4 Lavender Fields to Visit This Summer {~1 Hour From Hudson County}

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Don’t get us wrong — we love peony season, but there’s nothing quite like the luscious scent of blooming lavender radiating throughout the home. With peony season coming to an end soon, lavender will be blooming in no time, and trust us, it’s a summertime phenomenon you and your family do not want to miss.

Of course, Hoboken and Jersey City aren’t exactly known for their lavender farming, but that doesn’t mean that a day-trip to the lavender fields is out of reach. Lavender season kicks off near the end of June and flowering is pretty fleeting. It only lasts about three to four weeks, so you’ll want to get to a field as soon as they start blooming. Keep reading to discover four nearby lavender fields to visit this summer {only an hour away from Hudson County}. 

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The Benefits of Lavender

Lavender has myriad health benefits. It can be used to treat anxiety, mood swings, and of course, sleep issues. Inhaling some delicious-smelling lavender has been known to help people get to sleep faster and keep them from waking up throughout the night. But lavender isn’t just beneficial to our beauty rest. It can also fight fungal infections, repair hair loss, and treat wounds, too.

See More: Things to Do in Seaside Park {Jersey Shore Getaway}

And that’s just the cosmetic stuff. Aside from being an essential part of your beauty routine {hair, skin — you name it}, consuming lavender is also beneficial. It can alleviate many digestive issues such as vomiting, nausea, intestinal gas, bloating, and more. Anecdotal evidence also suggests lavender can cure headaches and relieve pain from injuries like sprains and even toothaches.

Speaking of consuming lavender, you can also cook with culinary lavender. It can go in just about any recipe — from lavender lemon bars to tea and morning lattes. In many bread recipes, lavender can be substituted for rosemary. You can also add it to your honey {and drizzle it on toast}, make lemonade, ice cream, and more. Lavender is a beautiful {and delicious} garnish in salads, desserts, and baked goods, and can even be used to top off your Sunday brunch Champagne.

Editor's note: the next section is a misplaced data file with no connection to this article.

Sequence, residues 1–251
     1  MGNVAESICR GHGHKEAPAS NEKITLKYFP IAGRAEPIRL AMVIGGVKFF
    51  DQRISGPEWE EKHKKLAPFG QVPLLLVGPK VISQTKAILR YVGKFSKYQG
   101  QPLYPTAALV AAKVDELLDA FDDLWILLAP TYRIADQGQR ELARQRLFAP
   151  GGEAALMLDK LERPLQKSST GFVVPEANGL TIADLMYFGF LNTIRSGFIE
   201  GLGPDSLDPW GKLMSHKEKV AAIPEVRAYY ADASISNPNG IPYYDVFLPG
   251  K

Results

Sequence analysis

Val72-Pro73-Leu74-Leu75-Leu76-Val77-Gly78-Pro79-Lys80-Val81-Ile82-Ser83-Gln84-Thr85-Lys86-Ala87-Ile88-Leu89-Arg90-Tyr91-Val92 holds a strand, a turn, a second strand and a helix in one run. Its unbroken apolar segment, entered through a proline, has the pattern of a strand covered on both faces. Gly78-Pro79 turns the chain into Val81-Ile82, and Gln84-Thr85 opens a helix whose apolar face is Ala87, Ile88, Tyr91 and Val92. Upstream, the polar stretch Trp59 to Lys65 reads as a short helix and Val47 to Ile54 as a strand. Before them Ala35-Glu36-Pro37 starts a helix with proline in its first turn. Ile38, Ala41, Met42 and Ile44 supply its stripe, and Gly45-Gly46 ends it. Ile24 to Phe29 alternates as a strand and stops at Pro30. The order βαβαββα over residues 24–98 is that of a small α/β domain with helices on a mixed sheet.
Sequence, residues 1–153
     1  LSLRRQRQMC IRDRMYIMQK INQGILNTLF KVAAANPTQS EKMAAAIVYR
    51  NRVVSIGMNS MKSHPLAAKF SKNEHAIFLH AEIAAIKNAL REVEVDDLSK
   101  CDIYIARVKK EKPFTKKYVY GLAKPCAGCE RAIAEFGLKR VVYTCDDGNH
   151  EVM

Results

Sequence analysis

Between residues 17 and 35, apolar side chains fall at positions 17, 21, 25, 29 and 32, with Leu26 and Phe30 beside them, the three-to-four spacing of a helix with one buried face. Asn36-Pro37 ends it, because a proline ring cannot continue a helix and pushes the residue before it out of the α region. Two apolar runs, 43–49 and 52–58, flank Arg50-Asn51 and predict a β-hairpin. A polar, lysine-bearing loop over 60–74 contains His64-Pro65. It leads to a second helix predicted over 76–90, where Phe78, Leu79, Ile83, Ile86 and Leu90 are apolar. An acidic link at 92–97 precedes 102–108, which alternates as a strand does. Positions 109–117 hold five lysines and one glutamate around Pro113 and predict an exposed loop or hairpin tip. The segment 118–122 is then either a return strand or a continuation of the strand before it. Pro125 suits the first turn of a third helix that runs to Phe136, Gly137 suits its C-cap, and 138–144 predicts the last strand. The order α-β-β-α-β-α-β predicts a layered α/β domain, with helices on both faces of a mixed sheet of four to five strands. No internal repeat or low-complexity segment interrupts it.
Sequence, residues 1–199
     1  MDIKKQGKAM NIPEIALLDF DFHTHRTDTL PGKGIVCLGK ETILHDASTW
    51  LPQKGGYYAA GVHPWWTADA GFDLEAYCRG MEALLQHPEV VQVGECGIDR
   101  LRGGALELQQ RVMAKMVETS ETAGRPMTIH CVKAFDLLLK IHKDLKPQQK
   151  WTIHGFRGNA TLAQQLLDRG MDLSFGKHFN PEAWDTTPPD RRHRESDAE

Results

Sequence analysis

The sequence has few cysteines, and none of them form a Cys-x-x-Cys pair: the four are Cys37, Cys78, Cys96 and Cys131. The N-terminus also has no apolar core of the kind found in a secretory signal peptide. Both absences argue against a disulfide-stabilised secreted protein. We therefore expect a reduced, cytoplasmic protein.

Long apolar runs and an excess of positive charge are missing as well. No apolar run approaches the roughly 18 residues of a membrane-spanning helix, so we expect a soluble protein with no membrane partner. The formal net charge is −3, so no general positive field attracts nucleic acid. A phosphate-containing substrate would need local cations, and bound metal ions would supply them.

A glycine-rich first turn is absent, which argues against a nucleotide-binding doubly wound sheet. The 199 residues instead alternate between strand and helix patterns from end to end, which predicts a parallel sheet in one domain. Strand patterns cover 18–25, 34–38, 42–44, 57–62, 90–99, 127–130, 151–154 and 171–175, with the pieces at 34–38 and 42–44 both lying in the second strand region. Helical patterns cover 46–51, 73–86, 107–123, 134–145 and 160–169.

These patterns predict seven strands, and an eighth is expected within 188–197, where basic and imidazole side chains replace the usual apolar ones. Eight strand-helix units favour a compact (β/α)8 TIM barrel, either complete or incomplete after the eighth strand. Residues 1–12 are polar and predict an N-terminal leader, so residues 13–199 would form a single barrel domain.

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Of course, if you’re going to ingest lavender, you need to make sure it’s fresh. You should never eat lavender that’s not categorized as culinary. If it’s from a florist, nursery, or garden center, it’s likely been treated with pesticides — AKA not culinary-grade. Lavender, however, found and sourced from organic lavender fields is A-OK to eat.

Lavender Farms Near Hudson County

Now that we’ve established the many benefits of lavender, find out where you can visit fresh lavender farms near Hudson County this summer.

Pleasant Valley Lavender Farm {288 Pleasant Valley Road, Morganville}

pleasant valley lavender farm

{Photo credit: @pleasant_valley_lavender}

Located in the Marlboro Township, a drive to Pleasant Valley clocks in at just under an hour. The Morganville, NJ farm has over 2,000 plants — from French to English lavender. Here, you can explore the fields and even cut your own lavender bundles. Alternatively, you can grab some already-harvested bundles in the Pleasant Valley shop.

With ten acres of fragrant field, Pleasant Valley sells fresh lavender by the bundle, dried lavender, loose buds, sachets, assortments of soaps, candles, and lavender honey made on site from Pleasant Valley’s bees. You can also go home with your own lavender plant, too, if you’d like to reap some of the benefits of lavender at home.

Like most fields, Pleasant Valley allows dogs {just make sure to clean up after them and leash them at all times}. Pleasant Valley also has chickens and a hecklin’ rooster who likes to make a lot of noise.